What is diabetes? What’s the difference between type 1 and type 2? What’s the situation in Malta in regards to diabetes? Dr Mario J Cachia, a specialist in Diabetes, Endocrinology Internal Medicine, and visiting professor at the University of Malta answer
Diabetes is a condition where glucose (the body’s sugar) is not regulated properly, resulting in high blood sugars persisting for inappropriately long periods of time. If not controlled by the three pillars of therapy (diet, exercise, and medication) it causes major problems with body function. This results in the complications of diabetes, classically leading to eye damage (blindness), renal damage (kidney failure) and nerve/circulation damage (lower limb amputation). However, diabetes is a very high-risk condition for development of heart disease (angina, heart attacks and heart failure). It is associated with strokes but is not a very strong risk factor. Smoking and uncontrolled high blood pressure accelerate the deterioration of these complications.
The classification of diabetes has evolved and there are now many recognised types. However, from a practical point of view, one can still think of diabetes in binary fashion as being type 1 and type 2. From the practical and slightly simplistic point of view, type 1 patients require insulin to survive and this is required at diagnosis. These patients are often in a very unstable state at diagnosis and practically always require admission to hospital. Type 2 diabetes on the other hand, can often be treated with diet and oral medications, and very rarely presents itself in an unstable condition. Type 2 patients may require insulin later in the course of their disease. Although type 1 patients tend to be much younger, and the condition often appears in childhood or early adulthood, this distinction is becoming increasing blurred. The increase in childhood obesity, together with the decrease in exercise, has led to several children being diagnosed with type 2 diabetes in early adolescence.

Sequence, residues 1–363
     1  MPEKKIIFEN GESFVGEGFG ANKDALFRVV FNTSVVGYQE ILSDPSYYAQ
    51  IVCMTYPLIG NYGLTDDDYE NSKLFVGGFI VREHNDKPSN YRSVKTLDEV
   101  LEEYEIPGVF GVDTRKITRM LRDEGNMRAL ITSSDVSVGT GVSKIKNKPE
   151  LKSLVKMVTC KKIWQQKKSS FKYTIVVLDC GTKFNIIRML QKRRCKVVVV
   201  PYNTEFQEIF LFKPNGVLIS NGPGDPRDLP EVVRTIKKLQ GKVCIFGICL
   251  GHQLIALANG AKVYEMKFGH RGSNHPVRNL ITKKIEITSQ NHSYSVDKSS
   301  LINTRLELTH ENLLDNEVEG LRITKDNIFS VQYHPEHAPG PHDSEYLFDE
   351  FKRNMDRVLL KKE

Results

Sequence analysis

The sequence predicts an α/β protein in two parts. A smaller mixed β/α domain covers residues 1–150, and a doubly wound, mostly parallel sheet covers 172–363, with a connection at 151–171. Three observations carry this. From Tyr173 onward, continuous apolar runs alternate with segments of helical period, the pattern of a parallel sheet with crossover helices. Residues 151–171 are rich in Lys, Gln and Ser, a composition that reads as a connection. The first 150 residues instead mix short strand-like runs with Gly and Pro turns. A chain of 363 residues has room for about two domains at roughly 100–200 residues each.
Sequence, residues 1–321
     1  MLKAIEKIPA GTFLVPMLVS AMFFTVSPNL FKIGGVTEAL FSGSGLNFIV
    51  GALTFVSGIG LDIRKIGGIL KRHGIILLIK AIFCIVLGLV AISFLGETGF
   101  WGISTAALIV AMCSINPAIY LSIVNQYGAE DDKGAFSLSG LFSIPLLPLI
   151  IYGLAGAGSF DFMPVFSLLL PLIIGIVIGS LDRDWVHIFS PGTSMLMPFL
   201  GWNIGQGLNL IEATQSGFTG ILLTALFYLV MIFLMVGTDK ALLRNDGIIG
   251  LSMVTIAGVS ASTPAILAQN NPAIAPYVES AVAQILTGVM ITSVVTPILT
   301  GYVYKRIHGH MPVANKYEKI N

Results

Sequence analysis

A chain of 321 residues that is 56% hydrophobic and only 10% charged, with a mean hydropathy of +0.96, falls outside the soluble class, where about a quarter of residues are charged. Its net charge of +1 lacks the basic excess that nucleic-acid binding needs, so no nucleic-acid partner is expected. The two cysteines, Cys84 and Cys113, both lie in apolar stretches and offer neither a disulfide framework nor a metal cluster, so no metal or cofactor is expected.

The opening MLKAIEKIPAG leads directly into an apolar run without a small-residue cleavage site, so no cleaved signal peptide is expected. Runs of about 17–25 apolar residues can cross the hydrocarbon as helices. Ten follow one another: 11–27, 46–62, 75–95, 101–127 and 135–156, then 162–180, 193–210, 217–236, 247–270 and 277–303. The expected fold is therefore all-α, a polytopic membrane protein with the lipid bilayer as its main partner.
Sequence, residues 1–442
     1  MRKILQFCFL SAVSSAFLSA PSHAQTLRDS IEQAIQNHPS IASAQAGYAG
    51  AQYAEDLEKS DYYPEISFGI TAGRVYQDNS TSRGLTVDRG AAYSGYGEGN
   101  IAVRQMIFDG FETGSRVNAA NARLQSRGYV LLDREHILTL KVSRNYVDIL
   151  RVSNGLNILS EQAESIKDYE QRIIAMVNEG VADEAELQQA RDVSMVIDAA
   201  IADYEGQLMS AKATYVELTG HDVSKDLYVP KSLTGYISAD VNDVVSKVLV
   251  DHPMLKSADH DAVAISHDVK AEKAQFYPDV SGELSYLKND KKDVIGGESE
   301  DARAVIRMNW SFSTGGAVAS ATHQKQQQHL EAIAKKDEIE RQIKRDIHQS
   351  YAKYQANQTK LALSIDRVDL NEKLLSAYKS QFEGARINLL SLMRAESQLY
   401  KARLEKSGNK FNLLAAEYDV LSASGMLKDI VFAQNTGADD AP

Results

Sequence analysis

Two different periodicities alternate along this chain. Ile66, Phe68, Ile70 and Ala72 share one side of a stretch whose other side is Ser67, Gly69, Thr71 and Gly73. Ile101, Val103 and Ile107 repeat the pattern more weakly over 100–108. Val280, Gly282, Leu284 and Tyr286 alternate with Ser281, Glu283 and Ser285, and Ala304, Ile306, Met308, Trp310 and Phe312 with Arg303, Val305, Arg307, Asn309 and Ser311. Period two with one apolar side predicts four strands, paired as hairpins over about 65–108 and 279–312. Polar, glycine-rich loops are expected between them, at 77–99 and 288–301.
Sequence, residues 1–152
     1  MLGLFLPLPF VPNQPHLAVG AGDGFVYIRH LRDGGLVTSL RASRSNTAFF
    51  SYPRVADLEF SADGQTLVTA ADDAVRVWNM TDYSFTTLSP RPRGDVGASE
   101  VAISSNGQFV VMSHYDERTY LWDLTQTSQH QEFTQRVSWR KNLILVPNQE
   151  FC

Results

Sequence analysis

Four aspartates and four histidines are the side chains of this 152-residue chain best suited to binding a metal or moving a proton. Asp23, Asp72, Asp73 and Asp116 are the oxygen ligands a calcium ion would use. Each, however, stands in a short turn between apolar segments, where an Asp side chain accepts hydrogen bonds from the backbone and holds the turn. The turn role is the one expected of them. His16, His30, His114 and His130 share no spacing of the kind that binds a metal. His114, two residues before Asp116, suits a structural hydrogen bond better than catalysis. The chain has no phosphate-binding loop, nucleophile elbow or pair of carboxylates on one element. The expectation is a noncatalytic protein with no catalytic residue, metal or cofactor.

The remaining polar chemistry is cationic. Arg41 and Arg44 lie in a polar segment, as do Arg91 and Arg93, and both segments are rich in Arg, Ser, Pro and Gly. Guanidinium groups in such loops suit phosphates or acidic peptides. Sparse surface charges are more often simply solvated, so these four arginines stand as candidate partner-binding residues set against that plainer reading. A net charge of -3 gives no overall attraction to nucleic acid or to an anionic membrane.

It is well known that Malta has a very high prevalence of type 2 diabetes. It is estimated that there are around 40,000 individuals with type 2 diabetes. We also have a very high prevalence of type 1 diabetes compared with other Mediterranean countries, but the numbers are much fewer than those with type 2 – around 3,000 individuals.
Management of diabetes in Malta is free if individuals want to use the National Health Service. There are provisions of clinics at Mater Dei and at the heath centres. Drug therapy is basically free, although newer medication is not all available on the NHS. There is provision of specialised foot care services and dietetics. Obviously, all these services are also available in the private sector.